Dizzy: Basically, before I started these classic style remixes that I've been doing recently, I was making battle tracks. Entourage got me started on how to develop my own style. They make classic style but mainly battle stuff.
And when you say battle style, do you mean fast-paced and choppy like Jersey Club?
Dizzy: Not necessarily. There is a very underground part of Baltimore Club that's mainly made for dancers. It's complicated to explain. For someone who's just a listener it may be hard to notice but I'm trying to find a balance between traditional and battle. With battle, the difference is in the use of samples. I'll use gunshots instead of claps and it'll be made specifically for movements dancers can make. It's faster too; instead of the standard 130 BPM, it'll be between 138 and 145.
What clubs DJ's do you look up to the most? Who'd you wanna collaborate on a mix with?
Dizzy: I was always a big fan of Blaqstarr. I look up to him. I really look up to Matic808 too. He's an inspiration to me. I like Techniques and Rod Lee's vocal style.
You're away at college right now. How do people respond to your DJ'ing at school parties? Is club well-received at UMES?
Dizzy: Down here it's a 50/50 mix of people from PG/DC and people from Baltimore. DJ's in general control what the population will know musically. When I first got down here, I noticed that DJ’s from Baltimore would play club music but it wouldn’t be a lot and it would be classic stuff. So when I DJ’d and played my remix to Lor Scoota’s “Bird Flu” people loved it because they love that song and it was a different take on it. I’m the one people recognize as the guy who’ll play newer stuff they never heard. I’m not gonna say club music is dead but it’s all in what the DJ’s bring to the table. For me, it’s about exposure because I can play my style and they won’t get that from anywhere else.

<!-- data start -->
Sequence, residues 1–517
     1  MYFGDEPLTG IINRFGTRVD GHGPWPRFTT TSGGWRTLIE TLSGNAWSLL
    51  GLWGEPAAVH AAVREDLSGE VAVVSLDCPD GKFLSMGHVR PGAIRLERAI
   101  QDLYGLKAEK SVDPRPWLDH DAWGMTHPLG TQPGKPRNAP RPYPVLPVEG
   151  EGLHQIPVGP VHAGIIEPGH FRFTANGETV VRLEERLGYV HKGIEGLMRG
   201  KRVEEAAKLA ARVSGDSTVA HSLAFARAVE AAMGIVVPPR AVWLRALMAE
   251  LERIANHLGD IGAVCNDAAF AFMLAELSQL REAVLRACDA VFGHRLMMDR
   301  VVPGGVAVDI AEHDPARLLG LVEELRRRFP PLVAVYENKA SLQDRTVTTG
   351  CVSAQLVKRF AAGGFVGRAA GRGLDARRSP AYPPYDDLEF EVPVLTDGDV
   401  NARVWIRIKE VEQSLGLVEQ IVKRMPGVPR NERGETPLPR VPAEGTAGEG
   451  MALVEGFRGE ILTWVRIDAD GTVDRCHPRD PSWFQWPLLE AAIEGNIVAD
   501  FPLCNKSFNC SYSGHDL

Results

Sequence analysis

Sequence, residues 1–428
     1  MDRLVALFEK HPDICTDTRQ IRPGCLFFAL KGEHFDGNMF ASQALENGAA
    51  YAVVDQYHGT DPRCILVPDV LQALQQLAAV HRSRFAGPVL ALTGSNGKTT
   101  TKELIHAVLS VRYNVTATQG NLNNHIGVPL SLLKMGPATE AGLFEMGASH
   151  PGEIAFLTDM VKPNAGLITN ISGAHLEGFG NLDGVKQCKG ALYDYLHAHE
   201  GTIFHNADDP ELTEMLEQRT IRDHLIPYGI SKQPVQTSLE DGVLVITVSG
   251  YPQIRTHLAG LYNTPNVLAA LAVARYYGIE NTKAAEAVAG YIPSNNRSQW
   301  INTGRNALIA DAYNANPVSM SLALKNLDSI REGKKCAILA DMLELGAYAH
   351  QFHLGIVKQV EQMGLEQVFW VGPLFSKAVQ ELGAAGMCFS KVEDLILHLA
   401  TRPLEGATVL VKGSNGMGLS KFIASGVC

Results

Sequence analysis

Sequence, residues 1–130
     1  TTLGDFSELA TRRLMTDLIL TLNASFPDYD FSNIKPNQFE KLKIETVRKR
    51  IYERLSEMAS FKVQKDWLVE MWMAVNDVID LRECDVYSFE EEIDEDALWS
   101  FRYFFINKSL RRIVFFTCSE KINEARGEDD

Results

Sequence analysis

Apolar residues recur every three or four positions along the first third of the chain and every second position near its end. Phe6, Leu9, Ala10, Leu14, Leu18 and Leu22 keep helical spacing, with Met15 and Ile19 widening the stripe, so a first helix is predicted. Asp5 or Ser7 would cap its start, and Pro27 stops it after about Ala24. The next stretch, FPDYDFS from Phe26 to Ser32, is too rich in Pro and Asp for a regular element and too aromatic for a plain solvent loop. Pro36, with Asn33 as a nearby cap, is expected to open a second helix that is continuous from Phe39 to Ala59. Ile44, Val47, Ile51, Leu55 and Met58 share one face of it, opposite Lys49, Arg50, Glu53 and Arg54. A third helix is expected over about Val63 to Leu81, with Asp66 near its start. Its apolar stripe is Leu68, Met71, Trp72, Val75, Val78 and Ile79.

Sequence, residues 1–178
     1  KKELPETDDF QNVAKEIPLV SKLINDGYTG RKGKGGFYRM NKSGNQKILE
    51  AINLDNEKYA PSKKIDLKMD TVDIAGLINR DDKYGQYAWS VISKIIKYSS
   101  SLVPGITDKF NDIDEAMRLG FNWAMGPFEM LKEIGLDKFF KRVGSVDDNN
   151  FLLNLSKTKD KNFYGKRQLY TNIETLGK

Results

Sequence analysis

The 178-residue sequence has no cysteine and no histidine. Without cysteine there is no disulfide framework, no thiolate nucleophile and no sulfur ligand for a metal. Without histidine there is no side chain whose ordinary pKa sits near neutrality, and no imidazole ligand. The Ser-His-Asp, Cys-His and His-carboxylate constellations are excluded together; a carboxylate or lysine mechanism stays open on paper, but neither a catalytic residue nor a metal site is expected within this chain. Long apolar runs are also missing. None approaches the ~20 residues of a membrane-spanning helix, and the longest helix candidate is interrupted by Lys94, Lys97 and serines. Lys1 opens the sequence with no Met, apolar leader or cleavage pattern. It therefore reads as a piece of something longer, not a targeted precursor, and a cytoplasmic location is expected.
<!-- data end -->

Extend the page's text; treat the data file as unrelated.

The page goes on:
You could've went a million ways with flipping the Rugrats theme song. Walk me through that.
Dizzy: That actually is a good example of a battle track. It’s simple enough for people to sit and listen to it but I chopped it up that way for people to dance to it. I’m trying to simplify my approach to battle tracks because there’s so much that usually goes into it. I wanna make it accessible; no matter how it's chopped up, people are going to recognize the Rugrats song.
What's been the most challenging part of your young career?
Dizzy: Producing-wise, the biggest challenge is developing a sound that everybody can like. I’m trying to take this whole underground part of club music and bring it to the surface. Not even just dancing, there’s a lot of talented, young club producers just like me. Like, a good 20 and nobody has really heard of them. Getting it to everybody is hard too.
With DJ’ing, at first it was actually getting into venues because I just turned 18. It was hard to maneuver through that. Getting gigs was hard too but now that I’m away at school, I’m starting to get booked for stuff. It’s cool.
Tell me about your stuff in the works. Any solo projects dropping soon?
Dizzy: I’m working with James Nasty on an EP right now where we’re gonna take New Orleans Bounce and put a Baltimore Club spin on it. Also, I’m coming out with an EP of all battle tracks with a few other DJ’s but that’s gonna be the last time I do battle stuff for a while; I’ve been benefitting so much from the classic style of remixing I’ve been doing recently and I want to focus on that more.